by Max Brantley
The Little Rock Urban Collegiate Public Charter School's unsuccessfully defended its charter before the state Board of Education this afternoon. The board voted 7-0 to immediately revoke the charter and help the children move to other schools.
For the first half of the year, it staffed and spent for a 600-student school, while enrolling several hundred fewer. Department financial analysts said the outlook for the school digging out of its financial hole was not good. Optimistically, it faced a $253,000 deficit at year end.
Board member Sam Ledbetter wondered how the school had continued to report a 600-student enrollment when it enrolled fewer than 300.
The school is for boys only. It aims to reach an at-risk population. School officials said they'd taken a number of steps to bring the school into compliance.
Several parents made emotional pleas for the school and testified to benefits their sons had received.
Commissioner Tom Kimbrell said the department was not comfortable with the school's plan — fund-raisers, grants, a line of credit — to balance the books this year. He said there were "grave concerns" about continuation next year. He recommended immediate revocation of the charter and a transfer of the students to other schools.
The Board adopted a motion to that effect, which prompted an unhappy outcry from school staff and parents.
"Where will these children go?" a mother asked angrily after the board voted. A Board member said the school's failings were not its fault, but the fault of lack of good advice in response to questions.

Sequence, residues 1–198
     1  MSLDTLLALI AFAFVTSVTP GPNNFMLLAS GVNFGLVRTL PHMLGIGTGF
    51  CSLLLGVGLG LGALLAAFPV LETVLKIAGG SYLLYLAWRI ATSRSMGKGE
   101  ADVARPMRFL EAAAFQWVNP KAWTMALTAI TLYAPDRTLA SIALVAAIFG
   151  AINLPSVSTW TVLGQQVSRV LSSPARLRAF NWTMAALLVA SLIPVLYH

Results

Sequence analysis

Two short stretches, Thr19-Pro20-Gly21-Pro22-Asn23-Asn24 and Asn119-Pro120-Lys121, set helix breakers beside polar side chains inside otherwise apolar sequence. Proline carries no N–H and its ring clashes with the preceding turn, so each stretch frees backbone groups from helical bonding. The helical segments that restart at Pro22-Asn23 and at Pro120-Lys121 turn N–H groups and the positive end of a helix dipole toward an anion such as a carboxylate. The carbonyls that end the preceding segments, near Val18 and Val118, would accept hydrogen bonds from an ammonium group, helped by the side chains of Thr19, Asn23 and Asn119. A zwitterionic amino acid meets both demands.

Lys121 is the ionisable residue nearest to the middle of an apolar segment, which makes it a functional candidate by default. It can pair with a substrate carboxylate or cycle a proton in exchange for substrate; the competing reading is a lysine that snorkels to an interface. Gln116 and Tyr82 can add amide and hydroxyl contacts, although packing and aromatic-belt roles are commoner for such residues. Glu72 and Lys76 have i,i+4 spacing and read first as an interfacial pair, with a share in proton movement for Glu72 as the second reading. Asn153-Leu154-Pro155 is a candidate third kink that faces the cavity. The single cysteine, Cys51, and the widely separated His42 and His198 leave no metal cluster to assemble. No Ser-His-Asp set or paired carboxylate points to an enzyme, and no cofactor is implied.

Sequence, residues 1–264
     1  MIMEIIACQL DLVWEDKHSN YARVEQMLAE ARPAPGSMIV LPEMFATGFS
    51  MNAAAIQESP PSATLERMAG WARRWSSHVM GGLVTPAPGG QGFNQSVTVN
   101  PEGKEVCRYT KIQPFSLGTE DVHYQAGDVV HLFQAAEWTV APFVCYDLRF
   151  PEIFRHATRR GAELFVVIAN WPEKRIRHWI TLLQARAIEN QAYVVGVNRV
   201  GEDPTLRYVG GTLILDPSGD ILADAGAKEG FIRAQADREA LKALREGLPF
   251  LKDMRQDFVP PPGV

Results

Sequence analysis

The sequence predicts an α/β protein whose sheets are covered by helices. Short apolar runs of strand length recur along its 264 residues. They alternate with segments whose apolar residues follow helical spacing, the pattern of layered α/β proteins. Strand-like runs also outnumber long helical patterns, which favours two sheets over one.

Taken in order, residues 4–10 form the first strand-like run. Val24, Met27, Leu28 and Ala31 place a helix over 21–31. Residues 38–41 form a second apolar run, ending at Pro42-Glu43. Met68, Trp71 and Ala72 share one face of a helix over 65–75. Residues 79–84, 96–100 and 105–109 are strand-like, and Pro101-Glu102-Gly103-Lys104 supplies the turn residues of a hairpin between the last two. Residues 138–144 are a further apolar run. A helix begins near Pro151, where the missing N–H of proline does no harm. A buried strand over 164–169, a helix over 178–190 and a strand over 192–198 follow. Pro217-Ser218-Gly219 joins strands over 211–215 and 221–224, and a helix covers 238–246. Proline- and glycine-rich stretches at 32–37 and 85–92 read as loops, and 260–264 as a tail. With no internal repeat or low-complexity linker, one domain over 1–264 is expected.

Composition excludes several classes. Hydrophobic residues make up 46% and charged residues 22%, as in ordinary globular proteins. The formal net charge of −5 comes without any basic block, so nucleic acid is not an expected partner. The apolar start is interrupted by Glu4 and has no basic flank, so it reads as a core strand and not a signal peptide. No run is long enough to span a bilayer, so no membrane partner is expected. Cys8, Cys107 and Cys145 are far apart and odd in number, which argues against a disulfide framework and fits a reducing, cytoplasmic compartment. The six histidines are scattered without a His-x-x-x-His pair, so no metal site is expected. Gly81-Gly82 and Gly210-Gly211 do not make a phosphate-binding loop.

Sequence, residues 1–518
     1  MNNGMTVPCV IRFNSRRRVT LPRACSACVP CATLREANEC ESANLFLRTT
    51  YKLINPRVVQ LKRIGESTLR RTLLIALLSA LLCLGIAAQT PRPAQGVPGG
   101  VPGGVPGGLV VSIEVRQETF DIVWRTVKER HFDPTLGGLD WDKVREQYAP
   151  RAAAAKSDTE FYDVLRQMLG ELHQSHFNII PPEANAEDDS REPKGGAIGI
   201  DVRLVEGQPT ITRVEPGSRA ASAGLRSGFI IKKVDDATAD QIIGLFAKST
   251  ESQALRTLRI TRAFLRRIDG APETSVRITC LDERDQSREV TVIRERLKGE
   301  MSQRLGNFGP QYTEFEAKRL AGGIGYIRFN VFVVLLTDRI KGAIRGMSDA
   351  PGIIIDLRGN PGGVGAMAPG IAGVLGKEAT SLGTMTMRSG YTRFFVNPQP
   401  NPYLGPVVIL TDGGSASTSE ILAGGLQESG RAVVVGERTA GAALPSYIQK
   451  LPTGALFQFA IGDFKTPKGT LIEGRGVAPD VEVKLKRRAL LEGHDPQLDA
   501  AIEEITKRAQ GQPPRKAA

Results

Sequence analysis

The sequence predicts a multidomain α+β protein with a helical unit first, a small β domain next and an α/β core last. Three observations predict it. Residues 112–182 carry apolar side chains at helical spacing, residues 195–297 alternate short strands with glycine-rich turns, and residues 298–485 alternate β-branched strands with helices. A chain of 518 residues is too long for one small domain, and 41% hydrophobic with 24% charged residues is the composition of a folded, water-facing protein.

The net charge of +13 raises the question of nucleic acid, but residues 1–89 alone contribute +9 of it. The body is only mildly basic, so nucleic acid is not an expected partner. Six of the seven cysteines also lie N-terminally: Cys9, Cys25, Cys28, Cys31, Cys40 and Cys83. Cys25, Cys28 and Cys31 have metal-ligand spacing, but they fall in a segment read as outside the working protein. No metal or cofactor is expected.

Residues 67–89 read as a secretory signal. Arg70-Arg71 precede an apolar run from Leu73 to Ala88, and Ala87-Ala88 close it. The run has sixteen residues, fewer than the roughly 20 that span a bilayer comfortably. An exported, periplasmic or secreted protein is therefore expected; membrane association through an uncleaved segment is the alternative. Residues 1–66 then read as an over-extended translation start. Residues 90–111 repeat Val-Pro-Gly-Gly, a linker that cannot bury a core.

In the chaos after the vote, school board member Ann Hoy rushed to the microphone to declare that the school had not been given due process. Board chair Naccaman Wilson responded that "there is no way we can allow the school to accumulate debt," admonished them that the vote had been taken and it was time to let the board continue its business. "It's over," he said.
Afterwards, Hoy said, "I felt like we were not heard," and said she thought the state board had made up its mind before the meeting. "If the board believed in this school" it would have given it probation, she said.
Jackie Jackson, spokesman for the school, had blamed the school's accountant for not keeping the school informed of its financial situation and not making reports to the the department's charter office. She attributed the low enrollment to a misunderstanding on the part of some parents who thought they were enrolling their boys in an alternative school and pulled them out.
After the vote, a deeply disappointed Jackson said the school hadn't gotten the same treatment as other charters, saying some had been given time to clear up financial problems. She also noted that the board had allowed the Osceola Communication, Arts and Business School to operate until the end of the term, though it, too, had its charter revoked in the hearing prior to UCPC's. OCABS was a charter designed to get drop-outs back into school.